Toronto Hydro’s inefficiencies cost the city tens of millions of dollars annually in unnecessarily high hydro rates.
A publicly owned Toronto Hydro costs households and businesses across the city tens of millions of dollars a year in unnecessarily high hydro rates. While many critics of a partial sale of Toronto Hydro refer to it as the city’s “cash cow” and fear that any sale will hurt the city’s finances, the real concern is that the public monopoly continues to treat its customers to faster-than-inflation rate increases that siphon money from more productive areas of the economy.
Already, Toronto Hydro is a high cost company compared to public monopolies in Ontario and investor-owned utilities across the United States.
Toronto Hydro’s cost per customer is 50% higher than the average for electricity distributors around the province. It currently sits third on the list of 72 electricity distributors in terms of cost per customer – bested only by the admittedly inefficient Hydro One and another tiny distributor in the north of the province. Utilities in towns and cities, such as Ottawa and Mississauga, keep costs nearly 36% and 30%, respectively, lower per customer than Toronto Hydro.
And while the cost per customer for Ontario utilities across the province increased by, on average, 1.7% between 2013 and 2014, it jumped by more than twice that rate – 4.7% – at Toronto Hydro.
Toronto Hydro isn’t just a poor performer compared to Ontario utilities. The monopoly’s costs are increasing significantly faster than its American counterparts and will continue to do so over the next five years. After much debate in its recent rate application, the Ontario Energy Board (OEB) sided with its own staff and other experts that argued the utility’s costs are already higher compared to similar utilities and will continue to grow at a faster rate in the coming years. One expert warned that the company’s costs could be as much as 72% higher than comparable U.S. utilities by 2019.
The company’s customers are already too aware of its poor track record, as the distribution line on their hydro bills – which represents Toronto Hydro’s costs – has increased by about 2.5 times the rate of inflation in recent years. The commodity portion of the bill – controlled by the province, which last month was forcefully criticized by the auditor general for its handling of the energy sector – has increased at an even faster pace.
Yet, rather than looking for ways to become more productive over the next five years and lower costs for ratepayers, Toronto Hydro tabled an application at the OEB asking for an increase to household rates of, on average, nearly 8% annually over the next five years. Looking at all rate classes, including small and large businesses, the monopoly wanted to increase its revenue requirement – the amount of money it collects each year from customers – by 10% annually over the next five years. The biggest driver of the company’s rate increase was its plan to spend a record $500 million annually on capital projects over the next five years – nearly 2.5 times the amount of money it spent on capital projects in 2006.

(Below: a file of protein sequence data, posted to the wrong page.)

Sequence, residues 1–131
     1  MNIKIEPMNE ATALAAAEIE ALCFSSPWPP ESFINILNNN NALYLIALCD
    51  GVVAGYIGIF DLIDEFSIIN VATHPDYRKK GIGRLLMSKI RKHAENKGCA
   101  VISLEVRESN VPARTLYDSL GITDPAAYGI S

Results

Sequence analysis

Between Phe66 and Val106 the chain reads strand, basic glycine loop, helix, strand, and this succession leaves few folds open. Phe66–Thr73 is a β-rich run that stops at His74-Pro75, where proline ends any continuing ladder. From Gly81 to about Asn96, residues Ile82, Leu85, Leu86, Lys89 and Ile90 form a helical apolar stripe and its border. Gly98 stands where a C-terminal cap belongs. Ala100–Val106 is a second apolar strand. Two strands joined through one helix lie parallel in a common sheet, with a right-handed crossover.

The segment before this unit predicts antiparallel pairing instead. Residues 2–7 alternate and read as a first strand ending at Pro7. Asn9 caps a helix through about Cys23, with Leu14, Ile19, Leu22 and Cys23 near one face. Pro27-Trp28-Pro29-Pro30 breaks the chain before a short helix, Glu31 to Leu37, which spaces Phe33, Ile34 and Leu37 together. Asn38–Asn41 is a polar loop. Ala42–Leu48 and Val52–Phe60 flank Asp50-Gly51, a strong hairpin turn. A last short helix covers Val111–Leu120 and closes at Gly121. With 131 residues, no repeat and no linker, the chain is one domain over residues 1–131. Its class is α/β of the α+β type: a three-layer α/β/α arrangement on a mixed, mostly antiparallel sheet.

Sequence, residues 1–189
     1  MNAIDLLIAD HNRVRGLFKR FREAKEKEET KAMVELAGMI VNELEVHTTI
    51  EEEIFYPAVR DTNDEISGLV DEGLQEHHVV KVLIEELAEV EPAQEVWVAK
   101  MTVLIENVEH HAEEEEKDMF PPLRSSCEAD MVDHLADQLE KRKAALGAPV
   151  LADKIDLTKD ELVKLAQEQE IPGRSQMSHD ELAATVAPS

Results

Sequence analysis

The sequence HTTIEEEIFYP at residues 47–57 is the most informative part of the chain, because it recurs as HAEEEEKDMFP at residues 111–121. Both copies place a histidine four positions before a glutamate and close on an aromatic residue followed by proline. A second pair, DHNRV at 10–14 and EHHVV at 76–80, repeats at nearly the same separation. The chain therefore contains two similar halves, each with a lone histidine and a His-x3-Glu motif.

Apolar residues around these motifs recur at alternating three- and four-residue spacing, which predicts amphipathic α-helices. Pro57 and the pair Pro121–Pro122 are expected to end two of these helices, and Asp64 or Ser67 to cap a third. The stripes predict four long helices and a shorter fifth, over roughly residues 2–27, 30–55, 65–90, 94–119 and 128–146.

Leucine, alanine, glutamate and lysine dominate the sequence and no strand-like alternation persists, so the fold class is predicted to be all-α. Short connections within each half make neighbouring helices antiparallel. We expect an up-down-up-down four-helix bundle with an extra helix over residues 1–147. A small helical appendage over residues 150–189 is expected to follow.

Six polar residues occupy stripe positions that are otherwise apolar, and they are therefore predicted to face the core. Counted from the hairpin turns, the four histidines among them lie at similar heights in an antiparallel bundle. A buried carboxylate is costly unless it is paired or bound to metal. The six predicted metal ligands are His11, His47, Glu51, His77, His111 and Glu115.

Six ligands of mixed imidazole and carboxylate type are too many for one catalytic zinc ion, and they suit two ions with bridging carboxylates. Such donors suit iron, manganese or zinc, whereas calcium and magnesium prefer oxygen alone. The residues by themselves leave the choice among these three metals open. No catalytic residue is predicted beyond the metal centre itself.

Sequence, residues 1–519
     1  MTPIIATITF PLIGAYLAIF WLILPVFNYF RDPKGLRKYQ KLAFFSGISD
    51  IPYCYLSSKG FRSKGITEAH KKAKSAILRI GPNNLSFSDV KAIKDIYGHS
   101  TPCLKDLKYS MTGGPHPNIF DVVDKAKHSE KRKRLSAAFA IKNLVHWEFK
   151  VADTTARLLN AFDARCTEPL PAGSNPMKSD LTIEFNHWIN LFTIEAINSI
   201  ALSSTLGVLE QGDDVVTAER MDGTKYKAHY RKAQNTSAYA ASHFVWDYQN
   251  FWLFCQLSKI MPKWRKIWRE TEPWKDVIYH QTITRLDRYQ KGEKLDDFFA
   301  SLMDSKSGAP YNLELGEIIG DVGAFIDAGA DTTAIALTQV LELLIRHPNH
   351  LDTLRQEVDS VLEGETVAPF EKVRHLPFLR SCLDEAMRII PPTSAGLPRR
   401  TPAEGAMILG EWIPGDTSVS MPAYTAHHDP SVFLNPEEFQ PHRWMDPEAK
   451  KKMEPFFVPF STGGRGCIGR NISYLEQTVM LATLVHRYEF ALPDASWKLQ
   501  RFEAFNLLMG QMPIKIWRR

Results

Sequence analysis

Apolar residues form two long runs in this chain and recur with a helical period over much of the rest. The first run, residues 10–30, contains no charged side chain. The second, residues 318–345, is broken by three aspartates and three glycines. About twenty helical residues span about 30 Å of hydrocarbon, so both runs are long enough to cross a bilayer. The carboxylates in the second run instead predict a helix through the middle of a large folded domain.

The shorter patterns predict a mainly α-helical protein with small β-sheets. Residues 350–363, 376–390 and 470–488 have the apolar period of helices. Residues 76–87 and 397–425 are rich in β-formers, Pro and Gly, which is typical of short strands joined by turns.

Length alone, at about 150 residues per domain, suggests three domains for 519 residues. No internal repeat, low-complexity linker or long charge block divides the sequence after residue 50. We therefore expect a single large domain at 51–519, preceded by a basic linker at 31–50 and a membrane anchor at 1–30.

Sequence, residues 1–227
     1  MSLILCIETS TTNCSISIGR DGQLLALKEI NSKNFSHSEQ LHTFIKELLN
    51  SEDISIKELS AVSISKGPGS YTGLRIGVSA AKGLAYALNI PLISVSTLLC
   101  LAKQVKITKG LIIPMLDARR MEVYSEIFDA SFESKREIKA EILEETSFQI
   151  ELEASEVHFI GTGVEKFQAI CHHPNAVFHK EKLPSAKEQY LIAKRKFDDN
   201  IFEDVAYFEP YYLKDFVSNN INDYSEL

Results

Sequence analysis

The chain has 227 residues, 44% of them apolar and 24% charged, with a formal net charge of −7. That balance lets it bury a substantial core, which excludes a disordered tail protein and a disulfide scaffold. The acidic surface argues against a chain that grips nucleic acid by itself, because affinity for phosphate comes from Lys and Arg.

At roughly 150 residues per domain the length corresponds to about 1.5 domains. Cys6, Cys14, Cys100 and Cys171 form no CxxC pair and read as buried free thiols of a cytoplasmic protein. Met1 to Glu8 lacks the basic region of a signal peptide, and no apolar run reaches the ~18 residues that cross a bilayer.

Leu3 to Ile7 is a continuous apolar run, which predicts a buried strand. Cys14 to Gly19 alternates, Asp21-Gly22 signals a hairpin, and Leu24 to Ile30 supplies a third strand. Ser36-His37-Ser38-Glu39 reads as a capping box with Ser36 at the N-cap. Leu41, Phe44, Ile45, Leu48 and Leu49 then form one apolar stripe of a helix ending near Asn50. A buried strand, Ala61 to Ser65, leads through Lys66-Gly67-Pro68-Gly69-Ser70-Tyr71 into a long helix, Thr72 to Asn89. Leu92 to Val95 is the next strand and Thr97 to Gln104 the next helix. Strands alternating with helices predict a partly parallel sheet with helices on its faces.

Toronto Hydro spent very little time before the regulator presenting its plan to control already high costs and reign in billing increases to a manageable level – instead, experts were hired to help it argue costs weren’t really that high. The company repeatedly argued that it needed more money.
It’s easy to see how new ownership at Toronto Hydro would be beneficial to both Toronto’s economy and its customers.
Using its most recent application as example, new owners could have addressed Toronto Hydro’s costs, brought them more in line with other utilities and applied to the OEB for rate increases of 5% annually over the next five years, rather than the 10% the company wanted. In the first year alone, that lower rate increase would save ratepayers $71 million and bring in $11 million more than the company’s entire dividend to the city in 2014. Over the next four years, Toronto Hydro ratepayers would save an additional $417 million in lower rates – or $488 million over five years– if a private company were capable of running the company on 5% annual revenue requirement increases.
On an annual basis, that saves ratepayers nearly $100 million over the next five years – money that ratepayers, whether they are households or businesses, can then spend or invest in the city’s economy. And it still provides the company with ample new money to invest in ensuring the grid is safe and reliable. While elected officials will focus on the impact of a smaller dividend once a partial sale of Toronto Hydro goes ahead, the economic benefit to the city of a well-run Toronto Hydro, and the lower rates it would offer, is significantly larger.
Toronto Hydro’s dividend to the city was $60 million in 2014, compared to the city’s operating budget of $9.6 billion for that year – accounting for about 0.6% of spending. Selling Toronto Hydro won’t create a massive hole in the city’s finances nor is it in any way equivalent to selling off the crown jewels. Furthermore, the city could retain a significant stake in the company, ensuring it will still receive a dividend (though smaller), while also enjoying the increased value of its investment without having to do any work.
Toronto isn’t selling a cash cow or a crown jewel. It’s selling a high-cost utility that, rather than looking at ways to improve its operations and pass those savings on, treats its ratepayers as a never-ending source of more money.
Brady Yauch is an economist and Executive Director of the Consumer Policy Institute (CPI). You can reach Brady by email at: bradyyauch (at) consumerpolicyinstitute.org or by phone at (416) 964-9223 ext 236